Over the last 12+ years, I've noticed a difference in the way curriculum is built for STEM subjects as compared to music.  Great STEM courses rely on Learning Variation and Immersion (LVI).  LVI is a term I've coined to describe the strategies (and effort) course developers and teachers use to keep students engaged.  STEM courses employ LVI to a high degree, most likely because we feel we MUST keep the kids engaged.  If we don't, they will hate the subject, test scores will decrease, our schools will fail and jobs will be lost.  We put high stakes on gaining student's attention and keeping it. When we develop music courses however, our first approach is drill and practice, repetition and disciplined practice.  While courses rich in LVI keep kids guessing about what they will do in class today, traditional approaches to teaching music ensure students KNOW what they will do in class today.  In college, my music history classes were DROP THE NEEDLE classes.  I HATED those classes and hated the thought of even GOING to class.  As such, I did extremely poorly.  In fact, my teacher seemed to revel in the fact that few people could pass the course.  He grew up with, and was taught that music was about disciple and repetition. So, he taught that way.  My fear is that that legacy still exists.  But, we can change that.

Employing LVI in music classes, like any class is a challenge.  Teachers (and in my case, online course developers), must CREATE more than they have in the past.  So, is there a magic "must do" list to ensure a great LVI level?  Here are a few suggestions.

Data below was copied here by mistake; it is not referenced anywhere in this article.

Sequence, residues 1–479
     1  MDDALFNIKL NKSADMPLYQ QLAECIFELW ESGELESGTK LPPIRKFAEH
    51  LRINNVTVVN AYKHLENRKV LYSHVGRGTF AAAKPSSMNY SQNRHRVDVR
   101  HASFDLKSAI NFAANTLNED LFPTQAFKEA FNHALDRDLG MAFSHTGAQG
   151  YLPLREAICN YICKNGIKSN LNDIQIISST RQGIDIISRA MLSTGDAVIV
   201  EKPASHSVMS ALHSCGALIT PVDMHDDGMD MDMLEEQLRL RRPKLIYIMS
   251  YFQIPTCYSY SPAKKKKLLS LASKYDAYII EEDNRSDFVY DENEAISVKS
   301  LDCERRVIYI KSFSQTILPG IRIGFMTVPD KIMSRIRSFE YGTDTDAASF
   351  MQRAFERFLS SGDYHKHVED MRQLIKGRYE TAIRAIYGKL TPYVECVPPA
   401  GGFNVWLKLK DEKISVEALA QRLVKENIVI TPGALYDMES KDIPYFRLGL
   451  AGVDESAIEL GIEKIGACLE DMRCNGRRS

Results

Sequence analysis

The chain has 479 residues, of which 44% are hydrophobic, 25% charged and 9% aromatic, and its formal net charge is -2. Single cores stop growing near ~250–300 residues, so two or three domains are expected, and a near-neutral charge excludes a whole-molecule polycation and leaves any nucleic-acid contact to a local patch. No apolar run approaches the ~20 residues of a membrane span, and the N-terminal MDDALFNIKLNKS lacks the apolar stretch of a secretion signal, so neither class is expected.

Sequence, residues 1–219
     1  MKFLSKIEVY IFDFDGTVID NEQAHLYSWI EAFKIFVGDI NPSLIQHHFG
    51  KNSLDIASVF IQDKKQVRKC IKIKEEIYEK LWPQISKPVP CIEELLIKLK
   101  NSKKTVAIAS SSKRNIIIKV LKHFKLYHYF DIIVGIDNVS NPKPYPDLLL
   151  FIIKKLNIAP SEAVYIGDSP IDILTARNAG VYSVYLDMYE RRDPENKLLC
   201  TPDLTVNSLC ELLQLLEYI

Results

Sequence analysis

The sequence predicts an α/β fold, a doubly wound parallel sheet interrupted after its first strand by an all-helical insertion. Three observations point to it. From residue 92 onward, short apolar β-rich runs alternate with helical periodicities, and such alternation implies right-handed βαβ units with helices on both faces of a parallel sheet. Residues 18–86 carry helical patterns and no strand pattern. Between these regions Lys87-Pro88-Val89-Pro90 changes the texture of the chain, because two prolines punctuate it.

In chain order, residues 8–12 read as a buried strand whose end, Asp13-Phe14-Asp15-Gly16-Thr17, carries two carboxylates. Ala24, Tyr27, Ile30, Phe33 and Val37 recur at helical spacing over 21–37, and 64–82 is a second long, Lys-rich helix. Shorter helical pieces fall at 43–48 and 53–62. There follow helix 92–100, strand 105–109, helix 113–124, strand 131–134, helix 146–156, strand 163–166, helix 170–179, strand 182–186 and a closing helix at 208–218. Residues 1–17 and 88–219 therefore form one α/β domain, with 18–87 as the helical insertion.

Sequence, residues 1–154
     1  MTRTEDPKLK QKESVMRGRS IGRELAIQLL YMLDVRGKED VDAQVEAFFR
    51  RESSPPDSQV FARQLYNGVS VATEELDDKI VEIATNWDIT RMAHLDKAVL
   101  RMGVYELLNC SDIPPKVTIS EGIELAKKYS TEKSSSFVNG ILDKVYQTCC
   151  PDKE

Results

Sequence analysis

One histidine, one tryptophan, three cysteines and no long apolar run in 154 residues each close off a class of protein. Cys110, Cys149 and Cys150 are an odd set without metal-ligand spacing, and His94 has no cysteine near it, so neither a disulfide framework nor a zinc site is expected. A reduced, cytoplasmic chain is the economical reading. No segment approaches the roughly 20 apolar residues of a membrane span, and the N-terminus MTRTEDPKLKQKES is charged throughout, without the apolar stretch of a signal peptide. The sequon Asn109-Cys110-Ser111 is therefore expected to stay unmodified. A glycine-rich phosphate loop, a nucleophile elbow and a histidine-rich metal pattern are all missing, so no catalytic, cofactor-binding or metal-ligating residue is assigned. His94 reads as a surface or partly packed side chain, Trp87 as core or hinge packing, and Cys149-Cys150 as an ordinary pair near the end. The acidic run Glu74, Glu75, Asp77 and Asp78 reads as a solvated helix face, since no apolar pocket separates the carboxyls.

1.)  Create a unique activity for each topic that provides opportunities for students to THINK
2.)  Create numerous opportunities for students to experiment and demonstrate their results.
3.)  Create situations for students to defend their thoughts and support their opinions with evidence.
4.)  Engage the students in the progression of learning (ie...demonstrate how skills connect to each other and discuss the importance of how one skills enables growth in another).
5.)  Create opportunities where student failure does not result in "punishment" or "belittlement." 
6.)  Create opportunities for students to do REAL work.
7.)  Create opportunities for student to work with students (not just play, WORK).
8.)  Create opportunities for students to build products based on their own CREATIVITY.
9.)  Create opportunities for students to experiment on their own.
10.)  Create opportunities that go beyond your understanding and skills (as the teacher or writer).

What did I miss?  LVI is a new way of thinking for me, so my list is a work in progress.  I believe if we follow this guidance, we can create a variety of activities and immerse the students in the learning process, just like my Physics teacher did for me.  I also believe this approach will ensure more students remember their music education experiences.